Crude prices have been able to recoup a big chunk of the losses they suffered on Monday afternoon. At the time of this writing, Brent oil was trading at $51.60 a barrel, a good $1 better off compared to the low hit on Monday, while WTI was trading at $50.75, likewise $1 higher from its corresponding low.
Crude prices jumped in reaction to the latest weekly US crude stockpiles data but then quickly went into reverse gear, before bouncing back once again. Traders were in no mood to take any chances ahead of the conclusion of talks between the OPEC and non-OPEC members in Algeria, especially given how headline-driven prices have become.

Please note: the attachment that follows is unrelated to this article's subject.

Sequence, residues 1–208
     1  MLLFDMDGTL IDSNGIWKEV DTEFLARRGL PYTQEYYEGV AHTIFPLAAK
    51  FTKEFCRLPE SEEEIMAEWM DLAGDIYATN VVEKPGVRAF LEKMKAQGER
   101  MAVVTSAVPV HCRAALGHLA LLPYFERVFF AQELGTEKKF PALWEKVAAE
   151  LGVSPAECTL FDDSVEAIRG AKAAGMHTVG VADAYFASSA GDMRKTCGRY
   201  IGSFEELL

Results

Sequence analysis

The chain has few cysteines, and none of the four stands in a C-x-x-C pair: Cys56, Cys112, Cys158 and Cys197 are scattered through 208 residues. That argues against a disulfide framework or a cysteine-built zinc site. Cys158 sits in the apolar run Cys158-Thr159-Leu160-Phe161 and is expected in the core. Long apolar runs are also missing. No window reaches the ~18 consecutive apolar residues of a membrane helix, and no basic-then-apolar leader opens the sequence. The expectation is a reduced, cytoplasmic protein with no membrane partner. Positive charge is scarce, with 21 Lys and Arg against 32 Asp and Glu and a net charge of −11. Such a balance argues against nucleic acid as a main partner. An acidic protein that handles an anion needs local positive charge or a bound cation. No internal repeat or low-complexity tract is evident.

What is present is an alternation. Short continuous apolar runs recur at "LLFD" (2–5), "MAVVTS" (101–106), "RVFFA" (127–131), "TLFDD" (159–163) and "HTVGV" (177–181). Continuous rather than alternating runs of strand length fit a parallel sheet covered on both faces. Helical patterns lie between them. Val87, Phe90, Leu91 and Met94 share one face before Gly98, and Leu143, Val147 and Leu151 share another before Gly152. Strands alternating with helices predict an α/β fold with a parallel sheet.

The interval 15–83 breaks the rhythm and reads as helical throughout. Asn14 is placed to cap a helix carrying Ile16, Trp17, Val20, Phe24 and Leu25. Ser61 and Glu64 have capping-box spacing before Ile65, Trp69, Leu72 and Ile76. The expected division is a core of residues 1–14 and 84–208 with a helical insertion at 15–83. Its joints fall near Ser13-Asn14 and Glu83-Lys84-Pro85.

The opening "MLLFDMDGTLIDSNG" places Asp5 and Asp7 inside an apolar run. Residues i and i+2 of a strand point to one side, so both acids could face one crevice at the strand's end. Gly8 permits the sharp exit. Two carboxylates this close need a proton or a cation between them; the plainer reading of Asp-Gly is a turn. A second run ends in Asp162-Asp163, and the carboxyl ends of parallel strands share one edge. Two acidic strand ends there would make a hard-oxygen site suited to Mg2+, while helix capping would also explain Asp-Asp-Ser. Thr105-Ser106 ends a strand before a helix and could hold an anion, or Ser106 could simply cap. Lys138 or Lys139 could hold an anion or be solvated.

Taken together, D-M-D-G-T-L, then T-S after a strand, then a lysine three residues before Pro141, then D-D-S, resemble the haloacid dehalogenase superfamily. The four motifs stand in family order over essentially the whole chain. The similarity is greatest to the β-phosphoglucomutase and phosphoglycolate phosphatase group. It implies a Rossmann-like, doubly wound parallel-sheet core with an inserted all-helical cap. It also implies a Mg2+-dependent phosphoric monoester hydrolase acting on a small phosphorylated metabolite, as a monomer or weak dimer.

Ahead of next week’s talks in Algeria, Reuters reported this morning that Saudi Arabia is apparently willing to reduce its oil output for as long as Iran agrees to freeze its production at current levels.
Since Friday, the West Texas Intermediate (WTI) US benchmark for crude oil has been rebounding from a critical price juncture around the $43 level. This rise has been driven primarily by tentative hopes for an agreement among Russia, Saudi Arabia, and potentially other OPEC members to limit oil production in the interest of steadying crude prices. A...